Reproductive Justice and Intimate Partner Violence

If you really care about
Intimate Partner Violence
Then you should care about
Reproductive Justice
Jill C. Morrison
National Women’s Law Center
202-588-5180 ◊ [email protected] ◊
If you really care about
Intimate Partner Violence
Then you should care about
Reproductive Justice
Jill C. Morrison
National Women’s Law Center
202-588-5180 ◊ [email protected] ◊
About this series
Developed to address intersection between
Reproductive Justice and other progressive
Introduces Reproductive Justice to new
communities that may only know of reproductive
rights advocacy that focuses on abortion and
Educates on RJ’s three components in a context
with which other progressives are familiar.
So far includes…
Intimate Partner Violence (today)
Race Discrimination (October 13th)
Education (October 20th)
Environmental Justice (October 27th)
Please let us know
if there are other issues you’d like to see
explored through an RJ lens!
What is Reproductive Justice?
What distinguishes it from the traditional
reproductive rights movement?
What are its components?
How does it relate to social justice
movements generally?
What distinguishes RJ from the traditional
reproductive rights movement?
The traditional reproductive rights frame focuses
on liberty, autonomy and equality, while the
Reproductive Justice (RJ) movement places
reproductive health and rights within a social
justice framework.
RJ acknowledges that each person’s ability to
effectuate their rights is uniquely shaped by
social injustices including: poverty, racism,
sexism and gender identity discrimination,
heterosexism, language discrimination and
What are the components of
Reproductive Justice?
The right of individuals to:
 have the children they want
 raise the children they have, and
 plan their families through safe, legal
access to abortion and contraception
How does Reproductive Justice relate to
social justice movements generally?
Reproductive Justice requires that all people
have the resources, as well as the economic,
social, and political power to make healthy
decisions about their bodies, sexuality, and
The goal is not governmental non-interference in
reproductive decision-making. To the contrary,
the government plays a key role in remedying
social inequalities that contribute to reproductive
Intimate Partner Violence
Intimate Partner Violence (IPV), includes sexual,
physical, emotional and economic abuse.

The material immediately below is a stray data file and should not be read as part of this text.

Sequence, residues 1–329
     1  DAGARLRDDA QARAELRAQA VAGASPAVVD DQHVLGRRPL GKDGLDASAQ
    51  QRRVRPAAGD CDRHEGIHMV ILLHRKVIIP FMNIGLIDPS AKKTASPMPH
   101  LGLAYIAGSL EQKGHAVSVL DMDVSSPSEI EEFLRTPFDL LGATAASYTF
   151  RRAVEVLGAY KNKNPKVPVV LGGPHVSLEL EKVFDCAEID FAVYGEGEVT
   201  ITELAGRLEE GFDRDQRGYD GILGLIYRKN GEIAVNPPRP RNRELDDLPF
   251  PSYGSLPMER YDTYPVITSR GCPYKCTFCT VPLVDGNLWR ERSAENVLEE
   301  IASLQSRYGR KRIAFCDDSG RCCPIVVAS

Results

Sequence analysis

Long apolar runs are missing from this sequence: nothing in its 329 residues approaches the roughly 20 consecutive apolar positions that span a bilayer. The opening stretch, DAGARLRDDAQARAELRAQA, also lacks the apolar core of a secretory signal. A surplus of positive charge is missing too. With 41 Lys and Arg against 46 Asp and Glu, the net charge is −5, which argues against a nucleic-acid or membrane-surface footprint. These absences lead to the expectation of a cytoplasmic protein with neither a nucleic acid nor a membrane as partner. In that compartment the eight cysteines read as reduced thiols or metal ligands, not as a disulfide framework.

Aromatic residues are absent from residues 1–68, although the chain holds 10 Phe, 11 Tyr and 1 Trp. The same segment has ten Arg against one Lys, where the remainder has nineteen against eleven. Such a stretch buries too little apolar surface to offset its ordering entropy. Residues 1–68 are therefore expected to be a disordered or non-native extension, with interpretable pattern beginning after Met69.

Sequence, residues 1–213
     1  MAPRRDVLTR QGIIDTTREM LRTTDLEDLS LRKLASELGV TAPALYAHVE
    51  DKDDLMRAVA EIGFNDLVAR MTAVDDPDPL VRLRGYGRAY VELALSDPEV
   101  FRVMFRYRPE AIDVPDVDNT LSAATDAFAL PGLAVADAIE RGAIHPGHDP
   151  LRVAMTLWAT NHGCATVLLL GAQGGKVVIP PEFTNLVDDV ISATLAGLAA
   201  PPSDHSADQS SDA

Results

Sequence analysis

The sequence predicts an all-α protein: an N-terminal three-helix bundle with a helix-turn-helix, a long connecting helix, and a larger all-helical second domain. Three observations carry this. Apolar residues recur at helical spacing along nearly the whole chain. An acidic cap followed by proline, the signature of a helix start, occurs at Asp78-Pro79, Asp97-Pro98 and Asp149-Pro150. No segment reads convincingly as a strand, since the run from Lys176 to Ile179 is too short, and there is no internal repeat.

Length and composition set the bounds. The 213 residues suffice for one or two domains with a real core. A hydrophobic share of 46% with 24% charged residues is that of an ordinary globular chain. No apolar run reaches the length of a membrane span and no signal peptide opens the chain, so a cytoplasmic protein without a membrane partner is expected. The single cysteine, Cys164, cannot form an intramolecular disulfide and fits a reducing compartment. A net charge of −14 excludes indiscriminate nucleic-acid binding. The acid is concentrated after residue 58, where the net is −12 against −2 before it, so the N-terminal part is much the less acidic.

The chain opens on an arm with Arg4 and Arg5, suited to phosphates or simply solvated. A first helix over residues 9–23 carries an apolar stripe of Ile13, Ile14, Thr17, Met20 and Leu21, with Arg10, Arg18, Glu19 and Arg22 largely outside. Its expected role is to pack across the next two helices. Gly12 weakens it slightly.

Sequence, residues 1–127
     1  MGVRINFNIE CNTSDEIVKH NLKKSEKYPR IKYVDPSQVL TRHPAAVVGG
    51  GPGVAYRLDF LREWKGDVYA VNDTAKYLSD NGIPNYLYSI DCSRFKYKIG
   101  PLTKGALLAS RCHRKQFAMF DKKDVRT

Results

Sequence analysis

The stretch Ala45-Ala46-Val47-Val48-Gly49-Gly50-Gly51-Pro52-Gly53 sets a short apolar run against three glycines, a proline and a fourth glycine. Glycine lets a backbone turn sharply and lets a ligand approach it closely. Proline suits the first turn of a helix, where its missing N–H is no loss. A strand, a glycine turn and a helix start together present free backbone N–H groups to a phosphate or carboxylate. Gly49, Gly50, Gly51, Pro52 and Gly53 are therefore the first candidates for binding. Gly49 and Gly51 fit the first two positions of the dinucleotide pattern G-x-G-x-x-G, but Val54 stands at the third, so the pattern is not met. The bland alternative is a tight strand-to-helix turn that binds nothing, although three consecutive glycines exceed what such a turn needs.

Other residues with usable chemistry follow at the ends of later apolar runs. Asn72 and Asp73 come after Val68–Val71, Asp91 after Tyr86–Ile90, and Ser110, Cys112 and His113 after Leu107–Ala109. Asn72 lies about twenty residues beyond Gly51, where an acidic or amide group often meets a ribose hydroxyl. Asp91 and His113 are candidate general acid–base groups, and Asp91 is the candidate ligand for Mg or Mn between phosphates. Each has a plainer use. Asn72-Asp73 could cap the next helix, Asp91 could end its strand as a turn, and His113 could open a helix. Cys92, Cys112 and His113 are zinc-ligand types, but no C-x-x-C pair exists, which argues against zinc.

Seen in every demographic, but women of
different racial and socioeconomic backgrounds
experience different rates of violence.
Historic inequities in access to education and
economic opportunity result in socioeconomic
disparities. Poverty, stress, unemployment and
substance use are all predictors of IPV.
If you care about Intimate Partner
Violence, you should care about
Reproductive Justice because a
woman’s reproductive capacity can be
used by her abuser to assert further
control as a component of all possible
forms of abuse—sexual, physical,
emotional and economic.
Social inequality contributes to both IPV
and Reproductive Oppression
Both are rooted in gender roles and reflects belief that
women are inferior; serve limited roles in society.
Poverty, stress, unemployment and substance use are all
predictors of IPV and unintended pregnancy.
Racial and socioeconomic disparities are seen in rates of
IPV and indicators of reproductive oppression such as
unplanned pregnancy, maternal and infant morbidity and
mortality, and foster care placement/termination of
parental rights.
Limited English proficiency and immigration status
isolate victims and prevent access to available resources.
Relationship between IPV and
childbearing/child rearing
One study found that a woman’s odds of
experiencing IPV rose by 10% with each
IPV may contribute to higher rates of
unintended pregnancy due to women’s lack of
power in negotiating contraceptive use.
Unintended pregnancy is a risk factor for IPV.
Restrictions on access to
contraception can further IPV
A woman experiencing IPV has greater
difficulties negotiating contraceptive use with